A researcher at Yale recently had an interesting article in the L.A. Times. In it, he suggested that “I’m not a scientist” disclaimers aren’t going to work with voters in 2016.
In the 2012 presidential campaign, global warming didn’t come up in any of the three debates between Mitt Romney and President Obama. That won’t be the case this campaign season, with wide swaths of America suffering through climate change-fueled record heat, rampant wildfires and historic droughts. Voters understand what’s happening, and they want the government to take action.
The question is, have Republicans gotten the message? Not quite.
In a poll conducted this spring by me and my colleagues at Yale and George Mason universities, 70% of Americans support placing strict limits on carbon dioxide emissions at existing coal-fired power plants. We also found that 75% of adults, including 63% of Republicans, support regulating carbon dioxide as a pollutant. And yet Republicans have been making the Environmental Protection Agency’s Clean Power Plan their latest punching bag.
The reluctance of GOP candidates to acknowledge–let alone embrace–the widely accepted scientific consensus is undoubtedly due to their need to pander to the party’s primary voters, base voters who are the most doctrinaire and conservative and most likely to deny the reality of climate change, and to the special interests that disproportionately provide their campaign funds.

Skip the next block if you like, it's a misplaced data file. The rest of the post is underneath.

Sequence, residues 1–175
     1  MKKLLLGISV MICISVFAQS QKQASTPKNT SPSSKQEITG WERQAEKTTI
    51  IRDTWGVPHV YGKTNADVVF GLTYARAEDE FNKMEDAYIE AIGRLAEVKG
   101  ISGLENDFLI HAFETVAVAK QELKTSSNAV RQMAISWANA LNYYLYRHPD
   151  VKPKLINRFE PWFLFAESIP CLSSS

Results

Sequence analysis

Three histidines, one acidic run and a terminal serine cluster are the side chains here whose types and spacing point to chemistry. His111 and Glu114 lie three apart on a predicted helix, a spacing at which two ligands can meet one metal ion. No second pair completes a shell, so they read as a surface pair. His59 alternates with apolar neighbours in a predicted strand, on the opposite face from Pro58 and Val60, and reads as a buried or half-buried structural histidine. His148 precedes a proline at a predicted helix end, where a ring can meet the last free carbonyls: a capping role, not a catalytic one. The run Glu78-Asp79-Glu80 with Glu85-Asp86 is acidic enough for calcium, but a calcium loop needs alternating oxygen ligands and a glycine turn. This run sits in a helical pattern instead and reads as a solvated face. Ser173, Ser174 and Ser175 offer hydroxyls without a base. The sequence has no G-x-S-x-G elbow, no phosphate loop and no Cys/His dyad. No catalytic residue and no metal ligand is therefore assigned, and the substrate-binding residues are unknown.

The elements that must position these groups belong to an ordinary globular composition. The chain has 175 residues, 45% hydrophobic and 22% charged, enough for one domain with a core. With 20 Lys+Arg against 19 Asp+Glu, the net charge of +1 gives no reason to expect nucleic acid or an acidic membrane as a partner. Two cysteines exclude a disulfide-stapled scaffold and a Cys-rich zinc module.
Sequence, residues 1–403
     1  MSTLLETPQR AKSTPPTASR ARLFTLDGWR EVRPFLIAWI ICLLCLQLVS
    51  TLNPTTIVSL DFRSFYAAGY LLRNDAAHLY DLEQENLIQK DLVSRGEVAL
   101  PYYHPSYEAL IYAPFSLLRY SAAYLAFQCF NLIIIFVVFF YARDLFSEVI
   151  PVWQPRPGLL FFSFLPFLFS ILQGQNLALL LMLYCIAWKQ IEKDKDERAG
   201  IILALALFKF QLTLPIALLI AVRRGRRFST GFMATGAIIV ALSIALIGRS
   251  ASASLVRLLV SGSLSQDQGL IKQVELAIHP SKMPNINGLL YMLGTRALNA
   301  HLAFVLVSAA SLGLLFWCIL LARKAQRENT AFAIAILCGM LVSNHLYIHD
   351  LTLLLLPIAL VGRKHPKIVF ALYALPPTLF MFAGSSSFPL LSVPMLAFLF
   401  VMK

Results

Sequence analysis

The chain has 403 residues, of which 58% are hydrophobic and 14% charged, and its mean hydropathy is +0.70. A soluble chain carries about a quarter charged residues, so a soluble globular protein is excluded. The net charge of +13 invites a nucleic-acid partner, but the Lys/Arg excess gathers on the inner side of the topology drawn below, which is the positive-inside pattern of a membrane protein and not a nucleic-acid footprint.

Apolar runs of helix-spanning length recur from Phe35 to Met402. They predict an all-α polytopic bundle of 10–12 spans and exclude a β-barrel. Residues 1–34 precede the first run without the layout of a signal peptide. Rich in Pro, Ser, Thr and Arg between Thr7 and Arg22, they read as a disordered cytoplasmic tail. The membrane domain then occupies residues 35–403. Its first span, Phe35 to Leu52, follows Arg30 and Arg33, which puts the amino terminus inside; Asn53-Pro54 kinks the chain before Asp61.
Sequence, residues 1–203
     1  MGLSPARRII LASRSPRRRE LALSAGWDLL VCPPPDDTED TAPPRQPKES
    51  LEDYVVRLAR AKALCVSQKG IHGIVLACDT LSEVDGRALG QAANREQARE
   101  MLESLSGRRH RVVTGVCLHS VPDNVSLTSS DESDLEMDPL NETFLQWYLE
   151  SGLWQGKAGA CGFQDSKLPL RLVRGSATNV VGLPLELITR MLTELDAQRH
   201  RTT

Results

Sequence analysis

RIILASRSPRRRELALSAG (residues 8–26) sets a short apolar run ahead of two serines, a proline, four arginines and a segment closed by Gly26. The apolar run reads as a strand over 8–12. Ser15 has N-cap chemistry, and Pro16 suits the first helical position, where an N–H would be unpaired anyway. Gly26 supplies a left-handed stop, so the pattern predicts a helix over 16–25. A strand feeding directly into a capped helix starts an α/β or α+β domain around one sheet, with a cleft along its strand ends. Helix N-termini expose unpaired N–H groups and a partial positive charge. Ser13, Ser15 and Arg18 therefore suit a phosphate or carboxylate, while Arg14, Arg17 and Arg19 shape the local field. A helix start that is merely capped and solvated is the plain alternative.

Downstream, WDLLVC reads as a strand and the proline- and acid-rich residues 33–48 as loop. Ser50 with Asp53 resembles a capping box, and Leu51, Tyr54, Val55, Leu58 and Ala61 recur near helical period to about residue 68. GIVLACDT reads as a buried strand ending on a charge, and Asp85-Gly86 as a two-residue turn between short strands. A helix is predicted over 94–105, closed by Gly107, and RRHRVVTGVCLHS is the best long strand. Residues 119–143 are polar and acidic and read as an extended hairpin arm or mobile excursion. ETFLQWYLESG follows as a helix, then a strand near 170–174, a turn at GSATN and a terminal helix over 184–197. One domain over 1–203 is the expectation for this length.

This is the same dilemma the national party faces almost across the board: the party’s increasingly rabid base strongly rejects positions that are widely held among American voters generally. In order to win the affections of the base–in order to secure the nomination–a candidate must take positions that effectively poison his/her chances in the general.
In another Yale/George Mason poll conducted last year, we found that, overall, Americans are two times more likely to vote for a candidate who strongly supports action to reduce global warming, and three times more likely to vote against a political candidate who strongly opposes action to reduce global warming. Only conservative Republicans are slightly more likely to vote for a candidate who strongly opposes action to reduce global warming.
And to add insult to injury, if the GOP hasn’t done enough to repel Latino voters, a recent poll by the New York Times, Stanford University and the nonpartisan think tank Resources for the Future found that 95% of Latinos think the federal government should take at least some action to tackle climate change.
The real irony is this: while the more traditional candidates (I was going to say “credible” but I think that’s probably stretching it) swallow hard and disclaim belief in evolution and climate change, the primary voters insisting on these anti-science stances in return for their support are currently splitting their allegiances between an embarrassing and tasteless narcissist and a soft-spoken, albeit certifiably insane, theocrat–neither of whom has a clue what government is or how it operates.